Dr. Weitz:                         So 500 is in one capsule. Could you take 1000 three times a day?

Dr O’Neil-Smith:               Why not? Won’t hurt you.

Dr. Weitz:                         I don’t know.

Dr O’Neil-Smith:               Yes, you can.

Dr. Weitz:                         Okay.

Dr O’Neil-Smith:               There’s never been found, in the 30 years that it’s been studied, a lethal dose, or a dose that’s harmful. There’s no lethal dose.

Dr. Weitz:                         And do you get better benefit? What level do you think … Do you think 500 is where you get the maximum benefit or what do you think?

Dr O’Neil-Smith:               No I think it really depends on the person. I think that’s why it’s important to work with someone like you or with a doctor who understands this stuff because they’re going to help you figure that out. I would say that mostly in my practice I have used the sub-q and the oral. If I’m using the sub-q, an injection in the belly, small little insulin needle, a little bit of BPC, I will only do the oral once a day.  If I don’t have any sub-q … if they don’t have it for some reason, they’re somewhere in another country. They call me or talk to me about an injury or something acute, I’ll say take oral one, three times a day. That’s the most I’ve ever had to do. So I really have never had to do that. I might do IV. I mean I’ll do it every which way I can depending upon how significant. If it’s a chronic injury … even with athletes. So I’ve used BPC in a lot of elite-level athletes, NHL, NFL, active athletes.  If you’re going to use BPC and it’s not on the WADA list. I hope it never it is. It shouldn’t be on the WADA list. If you’re going to use BPC-

Dr. Weitz:                         A WADA list is the list of banned substances, right?

Dr O’Neil-Smith:               Correct. If you’re going to use BPC in an athlete, I basically tell them they’re going to need … Well one it’s good in the setting of inflammation. So it’s not like they have to stop playing. They can get the benefit of this and some healing from this even in the setting of inflammation, which is contrary to what most people think. People think that you have to stop … that steroids have to be done and then you use a peptide. No, never use a steroid if you can avoid it, ever, ever, ever. Steroids are like Oxycontin. They put out the signal, which is what pain is. They put out the signal, which is what inflammation is, and they don’t allow for healing. They’re wrong. So what we want to do is use something that will redirect the signal to heal.

Dr. Weitz:                         You say that professional athletes can use them. What about Olympic athletes?

Dr O’Neil-Smith:               Yes, yes.

Dr. Weitz:                         But I don’t think they’re allowed to use any injectable substances.

Dr O’Neil-Smith:               Yeah, no well that’s different. I mean the problem with having been on the Olympic team and coached the Olympic team and all that kind of stuff, I mean I remember, Ben, when I was in the 80s racing the Russians before 1984 when they didn’t show up in Europe. When they showed up and we all went into the bathroom and we had to collect our urine to see if we were on anything, and they passed and got to keep their medals, we were all dumbfounded. I was young then. I was still in college and I thought they’re doing hormones. Why aren’t they being found?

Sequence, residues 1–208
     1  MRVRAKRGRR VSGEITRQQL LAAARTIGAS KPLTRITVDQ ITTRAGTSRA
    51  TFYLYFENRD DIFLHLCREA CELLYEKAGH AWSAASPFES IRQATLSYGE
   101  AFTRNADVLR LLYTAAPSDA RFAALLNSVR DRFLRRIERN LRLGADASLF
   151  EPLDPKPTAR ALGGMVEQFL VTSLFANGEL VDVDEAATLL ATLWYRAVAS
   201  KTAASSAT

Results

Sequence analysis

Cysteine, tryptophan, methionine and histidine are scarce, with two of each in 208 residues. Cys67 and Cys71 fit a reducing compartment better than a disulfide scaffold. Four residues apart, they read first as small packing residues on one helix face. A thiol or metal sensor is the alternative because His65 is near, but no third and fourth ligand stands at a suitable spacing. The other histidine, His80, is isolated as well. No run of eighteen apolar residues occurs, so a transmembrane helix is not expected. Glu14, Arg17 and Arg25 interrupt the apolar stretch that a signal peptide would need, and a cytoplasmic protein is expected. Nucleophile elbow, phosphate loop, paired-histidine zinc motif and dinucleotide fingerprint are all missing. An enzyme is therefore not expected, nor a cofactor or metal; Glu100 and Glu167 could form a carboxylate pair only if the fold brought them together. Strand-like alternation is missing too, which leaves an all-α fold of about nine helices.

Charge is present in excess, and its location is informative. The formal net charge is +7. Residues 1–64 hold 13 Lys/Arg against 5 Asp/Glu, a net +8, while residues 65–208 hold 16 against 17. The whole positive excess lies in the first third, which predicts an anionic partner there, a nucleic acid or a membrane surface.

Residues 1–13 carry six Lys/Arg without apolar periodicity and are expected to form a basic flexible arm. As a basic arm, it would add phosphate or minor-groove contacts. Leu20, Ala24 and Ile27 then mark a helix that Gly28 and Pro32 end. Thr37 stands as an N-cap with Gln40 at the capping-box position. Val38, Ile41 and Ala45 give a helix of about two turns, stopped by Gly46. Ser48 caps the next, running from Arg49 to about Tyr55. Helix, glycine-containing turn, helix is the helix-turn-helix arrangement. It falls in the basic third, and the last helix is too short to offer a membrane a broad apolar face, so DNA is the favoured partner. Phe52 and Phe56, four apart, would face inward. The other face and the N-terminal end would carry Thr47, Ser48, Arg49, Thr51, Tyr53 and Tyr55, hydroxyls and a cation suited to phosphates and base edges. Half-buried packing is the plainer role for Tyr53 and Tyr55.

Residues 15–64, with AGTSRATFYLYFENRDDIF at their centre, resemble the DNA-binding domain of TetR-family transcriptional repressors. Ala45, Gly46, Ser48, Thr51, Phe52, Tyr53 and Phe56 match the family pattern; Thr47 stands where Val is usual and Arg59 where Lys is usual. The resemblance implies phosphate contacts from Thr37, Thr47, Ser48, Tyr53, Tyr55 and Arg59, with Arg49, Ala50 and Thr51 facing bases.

When I learned about peptides six years ago, seven years ago, maybe a little longer … the ones that we’re talking about … I realized they weren’t using hormones. They were using peptides. So peptides … they’re not like hormones. They’re not something you can get supratherapeutic on. Testosterone, if a normal range, let’s pick a number 800. If I give Manny Ramirez testosterone, he can go from 700 to 2500 and be aggressive and whack that ball or whatever right? But that is supratherapeutic levels. You can do that with hormones. You can detect that. you don’t get supratherapeutic levels with peptides. So it’s a whole different ballgame.  These, remember, are more bio natural and they just go in and they do their job silently, quietly. They don’t make you a super human. They just make you able to heal more easily.

Dr. Weitz:                         So but are Olympic athletes allowed to use these injectable peptides?

Dr O’Neil-Smith:               They’re not on the list.

Dr. Weitz:                         They’re not on the list. They’re not even supposed to use injectable vitamins.

Dr O’Neil-Smith:               I know.

Dr. Weitz:                         So I would think the injectable ones would potentially be a problem, right?

Dr O’Neil-Smith:               It depends. It depends on … I have athletes that try for the Olympic team. I would have them go to their staff in NHL and NFL and everything else. They go direct to their person and what their person there will do, and it’s not always the same person. It’s not like the doctor, the athletic trainer, or the nutritionist. It’s whoever it is … whoever their relationship is with. What they’ll typically do is send a sample to their lab and say is this okay?  I would say that 100% of the time it comes back okay.  So I have it tested because I care enough that they are well.  So if I have in the NHL a Boston Bruin who’s had a brain injury or a massive concussion, why would they not be allowed to be treated appropriately?  So we have to begin to bridge the gap with the things that are dangerous, the testosterones that are overly used, the anabolic steroids that are overly used.  These are not anabolic steroids.  These are bio natural regulatory signaling cells allowing the body to use the body’s own healing properties instead of medicines or drugs.